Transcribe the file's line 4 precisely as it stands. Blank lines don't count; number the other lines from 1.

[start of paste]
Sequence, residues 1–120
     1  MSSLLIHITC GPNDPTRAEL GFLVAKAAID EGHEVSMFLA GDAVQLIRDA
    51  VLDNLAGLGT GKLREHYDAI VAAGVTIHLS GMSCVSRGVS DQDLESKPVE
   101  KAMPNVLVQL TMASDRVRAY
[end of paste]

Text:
   101  KAMPNVLVQL TMASDRVRAY